Benjamin Titus Roberts

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4291 Buffalo Rd
North Chili, NY
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B. T. Roberts
Founded Chili Seminary in 1866. His life and service is honored in the name of Roberts Wesleyan College chartered in 1949


By the county of Monroe — Date unknown.

What was there

The estate on the hill where the marker stands was the former property of  B. T. Roberts and descendants.  Across Buffalo Rd was the former Chili Seminary, also known as A. M. Chesbrough Seminary, then Roberts Junior College.

In 1944, Benjamin Titus Roberts (of Buffalo) gave up his study of law and pursuit into the NY State Bar in order to pursue the Methodist Ministry.  In 1845, he attended Genesee Wesleyan Seminary in Lima, New York, and then moved on to Wesleyan College in Middletown, Connecticut. There he met Ellen Stowe, who later became his wife, and partner in ministry.


As a graduate, Roberts grew disappointed in the way the Methodist Episcopal Church was operating in Upstate New York. By the 1850s, membership in the church was in decline, and Roberts had attributed this to poor leadership and lost focus on spirituality. He advocated for a stronger stance against slavery, disagreed with church practices of accepting payment for seating, and called for temperance among members. His call for reform led to the organization of the Free Methodist Church, and his subsequent expulsion from the Methodist Episcopal Church in 1858. The Free Methodist Church was officially organized in 1860 in Perkin, New York, and led by Roberts.

In 1864, Benjamin and Ellen moved to North Chili, outside of Rochester, and purchased a 145 acre farm (for a cost of $17,000). The large farmhouse in the middle of the estate, was known as the Rumsey Mansion, named after its former owner. A subsequent Roberts home is shown on an 1872 map to be on Union St., north of the Chili Stagecoach Inn, alongside other homes.

The Chili Seminary was founded by Roberts in 1866, with classes held at the Roberts home (as early as 1864), and the following year began operating out of the former stagecoach stop and inn, down the road in North Chili.

The First Society of the Free Methodist Church of North Chili built a church on the corner of Orchard St and Buffalo Rd in 1866. A modern church, built in 1965, exists there today.

The Free Methodist alignment with temperance pressured the Seminary to relocate from the old tavern, and Roberts established it on his farm property off of Buffalo Road, east of the church, within the old farmhouse. The New York State Board of Regents issued a charter for public learning in 1869.  From 1885, it was known as the A. M. Chesbrough seminary, after Abram Merritt Chesbrough (of Beaux Choix Farms, Niagara County), who bequeathed $30,000 to the seminary upon his death.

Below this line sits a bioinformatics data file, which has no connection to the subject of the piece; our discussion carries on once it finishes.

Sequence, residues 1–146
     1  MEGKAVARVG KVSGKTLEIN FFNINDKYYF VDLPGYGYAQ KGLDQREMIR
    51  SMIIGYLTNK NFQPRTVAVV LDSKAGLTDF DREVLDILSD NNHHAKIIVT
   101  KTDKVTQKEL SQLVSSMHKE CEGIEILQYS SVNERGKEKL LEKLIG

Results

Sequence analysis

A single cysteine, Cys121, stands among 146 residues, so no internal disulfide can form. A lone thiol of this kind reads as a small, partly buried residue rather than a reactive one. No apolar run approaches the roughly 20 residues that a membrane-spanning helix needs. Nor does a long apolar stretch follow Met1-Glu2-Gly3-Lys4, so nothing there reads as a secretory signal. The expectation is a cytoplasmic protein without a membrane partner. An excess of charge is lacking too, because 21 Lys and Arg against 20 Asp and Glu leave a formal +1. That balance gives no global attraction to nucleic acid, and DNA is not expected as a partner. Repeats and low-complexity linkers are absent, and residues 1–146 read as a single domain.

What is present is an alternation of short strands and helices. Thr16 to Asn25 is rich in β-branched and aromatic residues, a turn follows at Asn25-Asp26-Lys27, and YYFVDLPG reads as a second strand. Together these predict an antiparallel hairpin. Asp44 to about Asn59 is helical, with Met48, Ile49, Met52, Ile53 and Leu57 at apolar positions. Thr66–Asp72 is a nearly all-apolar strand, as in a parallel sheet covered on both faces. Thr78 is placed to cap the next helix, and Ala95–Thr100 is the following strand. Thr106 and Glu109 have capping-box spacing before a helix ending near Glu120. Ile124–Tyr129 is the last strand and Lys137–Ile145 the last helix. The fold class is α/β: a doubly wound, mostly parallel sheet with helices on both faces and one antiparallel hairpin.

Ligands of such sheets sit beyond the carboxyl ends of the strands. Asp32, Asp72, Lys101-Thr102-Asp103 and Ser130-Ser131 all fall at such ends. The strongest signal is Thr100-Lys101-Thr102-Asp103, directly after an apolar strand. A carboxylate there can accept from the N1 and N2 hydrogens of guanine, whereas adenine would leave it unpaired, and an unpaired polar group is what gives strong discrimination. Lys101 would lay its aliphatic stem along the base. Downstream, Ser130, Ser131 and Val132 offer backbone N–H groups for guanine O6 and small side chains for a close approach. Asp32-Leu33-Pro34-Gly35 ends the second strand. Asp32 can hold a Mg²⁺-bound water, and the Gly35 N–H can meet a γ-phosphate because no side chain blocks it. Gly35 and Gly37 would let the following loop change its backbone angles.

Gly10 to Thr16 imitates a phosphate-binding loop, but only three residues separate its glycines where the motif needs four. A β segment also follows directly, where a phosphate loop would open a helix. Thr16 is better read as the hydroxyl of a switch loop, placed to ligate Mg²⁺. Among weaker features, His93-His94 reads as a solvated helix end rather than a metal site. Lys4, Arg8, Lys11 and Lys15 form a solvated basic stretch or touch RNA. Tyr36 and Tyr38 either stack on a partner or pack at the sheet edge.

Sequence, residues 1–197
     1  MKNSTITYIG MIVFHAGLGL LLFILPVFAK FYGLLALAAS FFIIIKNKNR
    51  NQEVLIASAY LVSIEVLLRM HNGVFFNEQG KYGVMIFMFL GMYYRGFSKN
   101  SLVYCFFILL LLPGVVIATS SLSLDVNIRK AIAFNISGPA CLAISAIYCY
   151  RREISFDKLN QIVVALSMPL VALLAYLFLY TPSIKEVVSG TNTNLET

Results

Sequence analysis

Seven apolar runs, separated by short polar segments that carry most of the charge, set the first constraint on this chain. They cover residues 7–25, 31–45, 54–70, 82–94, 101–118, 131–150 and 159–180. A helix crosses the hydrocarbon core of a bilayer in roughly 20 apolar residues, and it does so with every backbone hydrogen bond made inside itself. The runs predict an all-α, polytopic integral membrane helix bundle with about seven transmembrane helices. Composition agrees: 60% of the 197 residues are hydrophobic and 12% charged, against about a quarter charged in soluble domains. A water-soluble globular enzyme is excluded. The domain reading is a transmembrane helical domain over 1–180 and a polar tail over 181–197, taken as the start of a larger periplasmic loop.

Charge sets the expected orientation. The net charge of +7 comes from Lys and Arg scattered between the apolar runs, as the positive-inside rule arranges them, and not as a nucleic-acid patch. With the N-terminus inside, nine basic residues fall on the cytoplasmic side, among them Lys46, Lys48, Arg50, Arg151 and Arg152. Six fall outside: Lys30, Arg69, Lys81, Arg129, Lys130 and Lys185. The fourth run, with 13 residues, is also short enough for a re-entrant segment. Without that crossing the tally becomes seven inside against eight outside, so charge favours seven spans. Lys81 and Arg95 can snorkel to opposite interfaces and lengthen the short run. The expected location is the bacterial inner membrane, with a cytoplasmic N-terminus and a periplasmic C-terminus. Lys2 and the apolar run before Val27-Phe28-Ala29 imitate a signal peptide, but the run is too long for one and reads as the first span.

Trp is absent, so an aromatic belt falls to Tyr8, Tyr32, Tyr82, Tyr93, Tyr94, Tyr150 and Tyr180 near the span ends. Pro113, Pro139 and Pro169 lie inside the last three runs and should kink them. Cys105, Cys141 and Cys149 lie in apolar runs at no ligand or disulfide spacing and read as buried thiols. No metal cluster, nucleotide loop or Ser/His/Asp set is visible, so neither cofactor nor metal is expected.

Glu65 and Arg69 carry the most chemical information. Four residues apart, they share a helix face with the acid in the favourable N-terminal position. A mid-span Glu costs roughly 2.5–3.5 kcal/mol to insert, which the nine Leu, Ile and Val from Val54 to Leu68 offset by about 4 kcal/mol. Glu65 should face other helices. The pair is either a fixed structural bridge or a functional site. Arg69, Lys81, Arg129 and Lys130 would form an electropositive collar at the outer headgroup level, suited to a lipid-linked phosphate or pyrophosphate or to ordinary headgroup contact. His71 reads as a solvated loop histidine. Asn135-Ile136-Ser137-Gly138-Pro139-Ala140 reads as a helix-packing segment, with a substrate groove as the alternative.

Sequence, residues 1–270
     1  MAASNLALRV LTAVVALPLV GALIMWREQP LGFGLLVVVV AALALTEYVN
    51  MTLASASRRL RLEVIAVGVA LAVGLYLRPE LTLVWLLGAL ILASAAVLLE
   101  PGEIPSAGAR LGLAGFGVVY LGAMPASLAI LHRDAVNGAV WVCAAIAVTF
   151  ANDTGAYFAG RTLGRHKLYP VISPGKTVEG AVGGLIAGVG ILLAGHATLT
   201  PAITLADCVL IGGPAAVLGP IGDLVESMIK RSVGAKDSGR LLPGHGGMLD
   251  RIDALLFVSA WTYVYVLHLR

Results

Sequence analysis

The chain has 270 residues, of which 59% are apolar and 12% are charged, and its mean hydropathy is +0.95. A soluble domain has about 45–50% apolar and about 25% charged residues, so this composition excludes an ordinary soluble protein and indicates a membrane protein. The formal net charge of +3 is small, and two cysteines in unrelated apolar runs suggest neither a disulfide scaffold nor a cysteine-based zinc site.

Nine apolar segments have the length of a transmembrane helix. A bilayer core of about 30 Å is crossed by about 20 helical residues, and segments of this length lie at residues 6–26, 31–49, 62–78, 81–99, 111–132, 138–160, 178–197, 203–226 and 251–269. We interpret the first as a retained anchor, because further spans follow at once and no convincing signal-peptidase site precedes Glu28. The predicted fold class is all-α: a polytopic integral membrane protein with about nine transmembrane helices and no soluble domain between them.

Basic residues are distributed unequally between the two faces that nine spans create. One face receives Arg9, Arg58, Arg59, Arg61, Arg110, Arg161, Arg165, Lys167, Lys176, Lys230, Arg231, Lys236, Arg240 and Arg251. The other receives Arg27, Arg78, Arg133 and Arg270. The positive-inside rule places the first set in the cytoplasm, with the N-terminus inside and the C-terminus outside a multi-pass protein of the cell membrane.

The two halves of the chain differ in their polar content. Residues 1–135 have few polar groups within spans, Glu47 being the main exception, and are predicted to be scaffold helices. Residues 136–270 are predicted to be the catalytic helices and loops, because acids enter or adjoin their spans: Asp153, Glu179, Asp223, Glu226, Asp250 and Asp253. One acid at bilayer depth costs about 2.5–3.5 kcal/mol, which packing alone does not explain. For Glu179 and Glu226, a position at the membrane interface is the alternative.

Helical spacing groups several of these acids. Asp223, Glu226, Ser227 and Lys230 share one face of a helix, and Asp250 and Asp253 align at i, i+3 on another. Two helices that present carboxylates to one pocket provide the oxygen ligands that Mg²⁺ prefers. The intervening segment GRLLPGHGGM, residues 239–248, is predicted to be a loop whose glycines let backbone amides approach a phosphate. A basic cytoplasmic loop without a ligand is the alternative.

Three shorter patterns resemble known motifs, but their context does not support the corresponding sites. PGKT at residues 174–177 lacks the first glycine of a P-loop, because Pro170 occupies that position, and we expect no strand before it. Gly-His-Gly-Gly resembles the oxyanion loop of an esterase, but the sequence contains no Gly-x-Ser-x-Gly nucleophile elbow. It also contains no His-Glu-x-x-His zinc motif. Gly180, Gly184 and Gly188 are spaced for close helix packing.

As a place of higher learning, the seminary grew into a Roberts Junior College in 1945,  and in order to avoid confusion with an existing Roberts College, was dubbed Roberts Wesleyan College in 1949, as it took on senior college status. It gained full accreditation in 1952.

What is there now


Chili Seminary is now Roberts Wesleyan College, an accredited  higher learning institute, which still holds Methodist values. Enrollment exceeds 1,800 students, with over 40 undergraduate majors and several graduate programs.

The building where the marker exists, is recorded on the tax map to have been built in 1966, probably replacing the former home, which is recorded to have housed several generations of the Roberts family. The current building now serves as the Robert’s Wesleyan College President’s residence.

Free Methodist Church of North Chili now operates a Pearce Memorial Church. Some College classes are held in the east wing.

The original seminary is now a red brick building on campus, named B. T. Roberts Memorial Hall. It serves as the Northeastern Seminary School campus in part with the Pearce Memorial Church.

The Chili Stagecoach Inn still exists in its former location.

It is unconfirmed if the B. T. Roberts residence (shown on an 1872 map) on Union St. still exists.

More information

  • “Wesleyan” is a name given for Protestant Christians who follow Methodist theology founded by John Wesley  (1703 -1791).
  • “Free” moniker of the new church symbolized their opposition to slavery. Roberts was a  staunch abolitionist.
  • B. T. Roberts was born on July 25, 1823 in Gowanda, Cattaraugus County, New York and died on February 27, 1893 in North Chili, Monroe County, New York.  He is buried in North Chili Rural Cemetery, on Buffalo Rd., adjacent to the College.
  • The Roberts had six sons and one daughter. George Roberts occupied the home on Buffalo Road following his mother’s death.

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We would like to thank the following for helping us with this entry:
Matthew Conheady


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